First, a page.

Here, you can find out everything you wanted to know about panic disorder (or at least we hope so!). You can click (or touch) each of the headings below to find out more about specific aspects of the condition.
We hope you find the information useful and if you do, please feel free to share it.
The term 'panic attack' has become so over used in recent years that it has almost lost the impact this debilitating illness can have. A panic attack often occurs quite suddenly, makes you feel anxious and can be quite frightening. The severity of the attack can vary, from just feeling breathless to the belief that you're having a full-blown heart attack!
Now most people will, at some point in their lives, have a panic attack or two. If you are presented with an incredibly stressful moment, it would be strange if you didn't. However, those who live with panic disorder will have recurrent, unexpected panic attacks over long periods, seemingly for no reason. If that wasn't bad enough, they will live in constant fear of their next attack. The number of attacks a person can have will also vary, from one or two a month to numerous attacks each and every week.
Whilst the worst panic attack may seem life-threatening, it won't be, but that's not to say it doesn't affect your quality of life or is any easier to manage. Those with panic disorder can experience panic attacks in many different situations. They can't control these symptoms, but the good news is that treatment for panic disorder can be very effective.
A panic attack, as we mentioned above, is often a sudden experience. It often occurs in unexpected situations and can arise very quickly. As such, your body will experience a rush of intense psychological and physical symptoms.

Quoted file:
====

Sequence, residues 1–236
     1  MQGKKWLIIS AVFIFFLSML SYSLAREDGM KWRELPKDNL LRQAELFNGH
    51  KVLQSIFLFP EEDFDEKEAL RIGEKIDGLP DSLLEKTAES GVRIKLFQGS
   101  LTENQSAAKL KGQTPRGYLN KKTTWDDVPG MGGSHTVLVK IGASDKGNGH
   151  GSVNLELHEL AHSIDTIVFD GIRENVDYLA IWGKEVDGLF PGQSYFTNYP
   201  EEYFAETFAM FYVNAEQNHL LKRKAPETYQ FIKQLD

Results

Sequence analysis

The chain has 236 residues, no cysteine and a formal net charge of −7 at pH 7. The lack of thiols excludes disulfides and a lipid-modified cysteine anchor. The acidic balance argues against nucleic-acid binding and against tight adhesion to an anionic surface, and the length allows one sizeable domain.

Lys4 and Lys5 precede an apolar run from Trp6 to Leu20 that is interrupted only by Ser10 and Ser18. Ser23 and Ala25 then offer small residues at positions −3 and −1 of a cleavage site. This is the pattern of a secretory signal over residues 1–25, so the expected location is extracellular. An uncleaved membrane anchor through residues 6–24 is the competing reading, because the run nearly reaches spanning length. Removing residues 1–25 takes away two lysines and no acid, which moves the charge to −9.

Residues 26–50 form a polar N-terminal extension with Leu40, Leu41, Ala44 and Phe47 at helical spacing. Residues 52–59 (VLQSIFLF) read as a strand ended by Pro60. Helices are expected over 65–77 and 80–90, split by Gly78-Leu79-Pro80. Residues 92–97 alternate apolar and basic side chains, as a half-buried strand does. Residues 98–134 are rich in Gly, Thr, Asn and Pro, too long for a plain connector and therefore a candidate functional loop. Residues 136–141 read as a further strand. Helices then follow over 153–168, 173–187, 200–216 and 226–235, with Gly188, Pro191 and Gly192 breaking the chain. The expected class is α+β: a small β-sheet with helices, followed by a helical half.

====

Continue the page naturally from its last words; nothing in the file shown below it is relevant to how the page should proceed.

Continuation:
The psychological symptoms are an overwhelming sense of fear, anxiety and apprehension, but they also have physical manifestations which include:
- Feeling hot and sweaty.
- Trembling or shaking uncontrollably.
- Feeling that their heart is palpitating.
- Shortness of breath.
If you've read our pages on many other mental conditions (and if not, why not! ;-), you won't be surprised to learn that the cause of panic disorder (like many other illnesses) isn't fully understood.
Most people think it is a combination of some psychological and some physical factors. Psychologically, some believe that an imbalance in your brain chemistry is to blame, whilst others believe people can be genetically predisposed to developing the condition.
Some researchers think that panic disorder develops more in those who have an increased sensitivity to carbon dioxide. Meaning that people who breathe in air with a high carbon dioxide level can bring on more attacks.
Another theory states that those who experience panic attacks tend to catastropise situations, i.e, believing minor physical symptoms are actually much, much worse than they actually are. This thinking triggers their nervous system to respond, resulting in a panic attack. As is often the case with mental illness, we may never know the true cause.
If you suffer with Panic Disorder, there may be some organisations on our Where To Turn pages that can help you. If not, and you know of one, please let us know and we'll look into it.
If you'd like to share your experiences of living with panic disorder with our community so they can better understand how it feels, please take a look at our 'Men Tell' section.